- For whom Georgie.
For whom Georgie.
For Mr. Morgan and his daughter.
Oh look here,
don't do that, mother mustn't do that.
- Mother mustn't do that.
- It wouldn't look well.
See here Georgie Minafer, I suggest...
that you just march
straight on into your room.
Sometimes you say things that
show you have a pretty mean little mind.
- What upset you this much?
- Shut up.
I know what you mean.
You're trying to insinuate
that I get your mother to invite...
- Eugene Morgan here on my account.
- I'm going to move to a hotel.
Because he's a widower.
I'm trying to insinuate you're setting your
cap for him and getting mother to help you?
Is that what you mean?
You attend to your own affairs.
I will be shot, I will. I
certainly will be shot.
Do you think you'll get it to start?
- What's wrong with it Gene?
- I wish I knew.
Jack push, not in front, there. You see.
Jack, push, come on Jack, push.
Come on, push.
- Come on, push. Come on Jack.
- Get a horse, get a horse.
Get a horse.
Look out, Lucy.
- What's happened to them?
- Oh, Georgie.
Don't get excited Isabel. Lucy.
- Are you all right?
They're all right Isabel, the
snow bank is a feather bed.
- Lucy dear.
I'm fine Papa.
- Nothing the matter with them.
- Oh, Georgie.
They're all right Isabel.
- Are you sure you're not hurt Lucy dear?
- Don't make a fuss Mother.
- George, that terrible fall.
Please Mother please, I'm all right.
Are you sure Georgie?
Sometimes one doesn't realize the shock.
- Oh Isabel.
- We just got to be sure dear.
- All right Mother, what's the matter?
- Let me brush you off dear.
You look pretty spry Lucy.
- All that snow becomes you.
- That's right, it does.
- That darned horse.
- Pendennis will be home long before we will.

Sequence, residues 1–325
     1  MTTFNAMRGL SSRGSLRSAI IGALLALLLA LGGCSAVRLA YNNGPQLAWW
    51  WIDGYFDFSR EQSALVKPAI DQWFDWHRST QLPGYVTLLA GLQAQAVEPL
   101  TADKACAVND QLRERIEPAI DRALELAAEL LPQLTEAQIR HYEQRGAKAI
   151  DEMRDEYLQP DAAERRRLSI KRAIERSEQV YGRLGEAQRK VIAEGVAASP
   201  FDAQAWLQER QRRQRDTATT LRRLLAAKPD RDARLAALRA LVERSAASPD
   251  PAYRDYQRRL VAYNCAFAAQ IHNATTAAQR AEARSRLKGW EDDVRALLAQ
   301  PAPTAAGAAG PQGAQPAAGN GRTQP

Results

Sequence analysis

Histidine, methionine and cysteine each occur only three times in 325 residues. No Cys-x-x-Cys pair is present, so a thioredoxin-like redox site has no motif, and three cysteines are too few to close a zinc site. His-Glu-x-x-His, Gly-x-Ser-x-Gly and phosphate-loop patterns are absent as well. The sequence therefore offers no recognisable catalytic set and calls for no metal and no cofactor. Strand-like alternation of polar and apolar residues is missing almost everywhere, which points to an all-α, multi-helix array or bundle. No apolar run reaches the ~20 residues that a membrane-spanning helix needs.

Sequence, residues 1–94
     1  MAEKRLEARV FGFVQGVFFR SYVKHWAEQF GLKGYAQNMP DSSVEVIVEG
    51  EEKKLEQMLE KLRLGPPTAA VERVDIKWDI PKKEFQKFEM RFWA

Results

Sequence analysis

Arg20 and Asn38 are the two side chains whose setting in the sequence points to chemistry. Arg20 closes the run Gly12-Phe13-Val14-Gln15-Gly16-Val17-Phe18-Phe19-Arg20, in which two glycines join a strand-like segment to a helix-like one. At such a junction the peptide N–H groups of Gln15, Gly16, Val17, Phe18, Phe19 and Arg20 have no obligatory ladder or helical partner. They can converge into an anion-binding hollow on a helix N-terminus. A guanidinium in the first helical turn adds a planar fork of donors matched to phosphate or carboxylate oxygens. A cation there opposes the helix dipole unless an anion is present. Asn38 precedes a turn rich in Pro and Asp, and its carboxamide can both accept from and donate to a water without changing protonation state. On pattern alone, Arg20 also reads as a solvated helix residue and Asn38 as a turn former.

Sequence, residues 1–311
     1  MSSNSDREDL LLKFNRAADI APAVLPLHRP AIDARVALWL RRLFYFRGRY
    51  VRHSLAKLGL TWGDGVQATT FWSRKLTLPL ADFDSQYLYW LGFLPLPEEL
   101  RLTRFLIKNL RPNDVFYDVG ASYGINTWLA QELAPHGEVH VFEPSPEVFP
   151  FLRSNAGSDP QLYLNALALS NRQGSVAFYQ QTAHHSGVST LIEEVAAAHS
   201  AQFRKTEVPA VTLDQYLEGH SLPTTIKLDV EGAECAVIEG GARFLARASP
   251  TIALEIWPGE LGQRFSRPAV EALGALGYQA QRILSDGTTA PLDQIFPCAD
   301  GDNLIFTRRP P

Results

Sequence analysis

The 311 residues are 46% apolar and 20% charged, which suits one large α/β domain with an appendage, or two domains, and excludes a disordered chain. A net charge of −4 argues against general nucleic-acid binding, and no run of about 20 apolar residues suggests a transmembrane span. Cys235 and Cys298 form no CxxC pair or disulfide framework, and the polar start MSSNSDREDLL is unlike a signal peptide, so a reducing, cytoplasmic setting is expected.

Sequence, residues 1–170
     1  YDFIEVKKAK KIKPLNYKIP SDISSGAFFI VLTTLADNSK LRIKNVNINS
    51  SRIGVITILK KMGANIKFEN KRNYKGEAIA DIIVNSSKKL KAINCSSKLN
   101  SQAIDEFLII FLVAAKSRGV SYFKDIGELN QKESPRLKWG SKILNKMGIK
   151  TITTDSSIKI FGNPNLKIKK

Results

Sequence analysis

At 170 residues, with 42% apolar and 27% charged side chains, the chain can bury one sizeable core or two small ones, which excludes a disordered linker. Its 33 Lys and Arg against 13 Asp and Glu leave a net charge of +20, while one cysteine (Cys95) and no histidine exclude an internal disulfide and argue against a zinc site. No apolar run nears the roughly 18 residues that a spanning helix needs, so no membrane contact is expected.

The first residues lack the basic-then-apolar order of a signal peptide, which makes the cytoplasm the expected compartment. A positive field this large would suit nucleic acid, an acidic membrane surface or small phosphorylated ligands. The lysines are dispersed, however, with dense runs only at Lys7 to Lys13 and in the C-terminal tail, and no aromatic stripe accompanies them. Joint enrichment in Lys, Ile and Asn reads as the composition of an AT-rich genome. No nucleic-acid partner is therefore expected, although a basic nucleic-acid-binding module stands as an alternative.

All we got to depend on is
Eugene Morgan's broken down chafing dish.
- She'll go.
- Come on Fanny.
- You have, have to sit on my lap Lucy.
- All right.
Stamp the snow,
you mustn't ride with wet feet.
They're not wet.
For goodness' sake, get in, you're standing
in the snow yourself, get in Mother.
You're the same Isabel I used to know,
you're a divinely ridiculous woman.
George, you'll push when
we get started, won't you?
Divinely and ridiculous, just
counterbalance each other, don't they?
Plus one and minus one equal nothing.
So you mean I'm nothing in particular?
No, that doesn't seem to
be precisely what I meant.
- We're going.
- Must be an accident.
- Come on Georgie, push.
- I'm pushing.
- Oh God.
- Come on Georgie, push.
- What do you think I'm doing?
Your father wanted to prove that his horseless
carriage would run even in the snow.
It really glad too,
you know. It's so interesting.
He says he's going to have wheels all
made of rubber and blown up with air.
I should think they explode.
But Eugene seems very confident.
Oh, it seems so like old
times to hear him talk.
Here we go.
♪ As I walked along the Bois de
Boulogne with an independent air. ♪
♪ You can hear the girls declare, he must
be a millionaire, he must be a millionaire ♪
George, you tried to swing underneath me
and break the fall when we went over.
I knew you were doing that, was nice of you.
Wasn't much of a fall to speak of.
How about that kiss?
♪ You can sigh and wish to die
and see them wink the other eye. ♪
♪ At the man who broke
the bank at Monte Carlo. ♪
♪ As I walked along the Bois de
Boulogne with an independent air. ♪
♪ You can hear the girls declare,
he must be a millionaire. ♪
Wilbur Minafer, quiet man.
Town will hardly know he's gone.
- Where did Isabel go to?
- She was tired.
Never was becoming to her to look pale.
- Look out.
- Oh boy, strawberry shortcake.
It's first this season, hope it's big enough.
You must known I'm coming home.
- What you say?
- Sweet enough?
I suppose your mother is been
pretty gay at the commencement.